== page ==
The role of advertising on the Internet is changing. With the rising power of Google and the role of links in determining placement in the search results, a growing number of companies are seeking to buy their way up the rankings by purchasing links on other websites.
The problem with purchasing links in order to boost search engine rankings is that it is growing out of favor with Google. Any links which do not provide added value to your users but are merely there for search engine purposes are against their webmaster guidelines unless tagged with a rel=”nofollow” attribute.
There are admittedly gray zones here, but my understanding is that the content on your website should be relevant so that the search engine results can also be relevant. For example, receiving a free book as payment for a book review which links back to the author is probably ok, since a book review is useful and valuable to your readers. Adding a link for “debt consolidation” and stuffing it somewhere in the sidebar, where its only purpose is to pass page rank, is probably not ok in Google’s eyes.
A new trick up their sleeve
So, what’s better than paying a website owner to put a link back to your site? How about sending that webmaster a “guest post”, with a conveniently embedded URL associated with your targeted keywords? If you’re lucky, the webmaster will buy it and will publish your guest post, giving you a link back for free as well as providing valuable content to the users.
Except… these “guest posts” aren’t really the same as the conventional and legitimate guest post which you might receive from another blogger. They are either copy/pasted or auto-generated content which is changed just enough so that you don’t find any duplicates when you do a search. They don’t contain much value on their own, but serve mainly to direct users toward the website being advertised. In short, they are a trick by which the advertiser can exchange poor-quality content in return for a high-quality link back to their site.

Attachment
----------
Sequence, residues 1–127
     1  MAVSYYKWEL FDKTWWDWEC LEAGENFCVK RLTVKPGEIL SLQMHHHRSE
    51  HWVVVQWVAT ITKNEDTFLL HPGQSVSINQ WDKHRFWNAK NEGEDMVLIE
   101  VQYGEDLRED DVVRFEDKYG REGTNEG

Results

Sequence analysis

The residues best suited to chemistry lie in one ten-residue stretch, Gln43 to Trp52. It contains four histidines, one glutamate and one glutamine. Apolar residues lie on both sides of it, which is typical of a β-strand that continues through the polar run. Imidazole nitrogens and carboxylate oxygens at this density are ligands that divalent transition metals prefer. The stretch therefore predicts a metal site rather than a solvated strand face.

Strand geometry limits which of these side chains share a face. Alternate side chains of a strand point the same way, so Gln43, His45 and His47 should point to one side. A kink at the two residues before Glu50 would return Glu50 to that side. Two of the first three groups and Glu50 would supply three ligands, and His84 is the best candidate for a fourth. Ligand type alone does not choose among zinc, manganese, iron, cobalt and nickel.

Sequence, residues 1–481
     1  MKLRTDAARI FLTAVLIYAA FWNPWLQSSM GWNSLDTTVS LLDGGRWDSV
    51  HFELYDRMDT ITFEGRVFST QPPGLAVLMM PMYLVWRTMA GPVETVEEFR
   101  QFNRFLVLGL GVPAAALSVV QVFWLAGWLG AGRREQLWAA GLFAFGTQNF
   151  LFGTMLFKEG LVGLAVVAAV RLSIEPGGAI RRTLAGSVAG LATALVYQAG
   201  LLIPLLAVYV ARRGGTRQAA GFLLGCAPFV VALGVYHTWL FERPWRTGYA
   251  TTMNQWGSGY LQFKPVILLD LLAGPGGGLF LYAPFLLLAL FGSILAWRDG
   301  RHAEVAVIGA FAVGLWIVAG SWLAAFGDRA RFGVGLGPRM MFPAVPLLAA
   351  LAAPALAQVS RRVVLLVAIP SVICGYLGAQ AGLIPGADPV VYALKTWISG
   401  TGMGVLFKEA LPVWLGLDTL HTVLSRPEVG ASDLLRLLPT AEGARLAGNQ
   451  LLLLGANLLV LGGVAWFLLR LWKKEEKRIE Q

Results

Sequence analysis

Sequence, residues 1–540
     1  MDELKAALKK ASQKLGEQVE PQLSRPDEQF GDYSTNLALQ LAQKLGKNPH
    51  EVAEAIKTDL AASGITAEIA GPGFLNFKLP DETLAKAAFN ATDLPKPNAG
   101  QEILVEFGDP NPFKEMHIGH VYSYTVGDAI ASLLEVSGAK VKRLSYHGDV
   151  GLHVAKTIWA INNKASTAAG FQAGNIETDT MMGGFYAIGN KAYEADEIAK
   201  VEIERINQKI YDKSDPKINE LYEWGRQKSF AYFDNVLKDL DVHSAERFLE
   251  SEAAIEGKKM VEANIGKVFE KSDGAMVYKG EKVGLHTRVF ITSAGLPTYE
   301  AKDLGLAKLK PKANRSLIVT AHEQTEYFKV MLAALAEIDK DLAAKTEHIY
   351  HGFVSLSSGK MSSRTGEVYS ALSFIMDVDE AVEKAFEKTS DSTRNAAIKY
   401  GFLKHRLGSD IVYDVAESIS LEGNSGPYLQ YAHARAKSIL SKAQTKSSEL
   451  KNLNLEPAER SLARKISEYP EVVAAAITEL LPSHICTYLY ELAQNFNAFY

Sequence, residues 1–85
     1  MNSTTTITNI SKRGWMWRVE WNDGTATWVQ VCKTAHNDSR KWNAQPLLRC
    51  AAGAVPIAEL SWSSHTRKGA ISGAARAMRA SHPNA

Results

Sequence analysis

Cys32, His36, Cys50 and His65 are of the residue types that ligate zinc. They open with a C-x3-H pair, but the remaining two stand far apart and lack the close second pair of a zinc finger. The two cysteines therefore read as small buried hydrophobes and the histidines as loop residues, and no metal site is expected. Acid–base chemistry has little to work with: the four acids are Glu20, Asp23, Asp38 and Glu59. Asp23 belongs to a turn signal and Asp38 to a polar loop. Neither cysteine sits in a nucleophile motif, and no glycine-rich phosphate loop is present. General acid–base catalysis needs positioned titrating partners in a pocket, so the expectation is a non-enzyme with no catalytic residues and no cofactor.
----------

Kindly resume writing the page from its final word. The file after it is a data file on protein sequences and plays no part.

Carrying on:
I was recently approached by a debt consolidation advertiser who wanted me to provide free advertising via a “guest post”. Now this is better than a paid link, because at least the users have the potential to get useful content in return, the key word being “potential”. Here are the mistakes that she made:
- She contacted me via a comment on a post, instead of using the contact form on my site. I was tempted to delete it as spam, but curiosity got the better of me.
- She contacted me using a Gmail address (though this might be a common practice).
- She was writing on behalf of another author. If it was a real guest post, the author probably would have contacted me herself.
- The first guest post was decidedly of poor quality and contained an embedded link after I had said that that was a no-no. I told the advertiser that this could not be published as it was, and I asked them to send back a better post, as well as an author byline.
- The advertiser wasn’t happy about me removing the link, and proposed that I keep it in exchange for back links on other sites. I rejected this idea, and said that I would only be linking back to them in the form of an author byline instead of embedded within the post.
- The advertiser accepted this, and sent me a better guest post along with an author byline.
- The author byline still had the link “keyword targeted”, so I would have changed that had I published the guest post. What was worse was that I could not find the existence of this author anywhere on the advertised website or elsewhere.
- The advertiser then apologized and offered another author byline, whose profile I could actually find on the website. This new author was a male, yet she forgot to change the gender in the byline.
- At this point, this was the end of the game for me, so I pointed out her mistakes to her and I also pointed out that this was just another form of gaming page rank, which Google hates.
The person who contacted me was nice and polite the whole way through, however, she still tried to get something for nothing, which is a bit insulting to the person on the short end of the stick.
I still gave her her link back in this post, though perhaps not in the form that she wanted! Let this be a lesson to her and to the company, and maybe she can provide the next blogger she contacts with some real value, instead of filler content.
Have you been approached with “guest posts” by these companies before? What do you think about these tactics, and for that matter, what do you think about debt consolidation? As always, I’d love to hear your thoughts.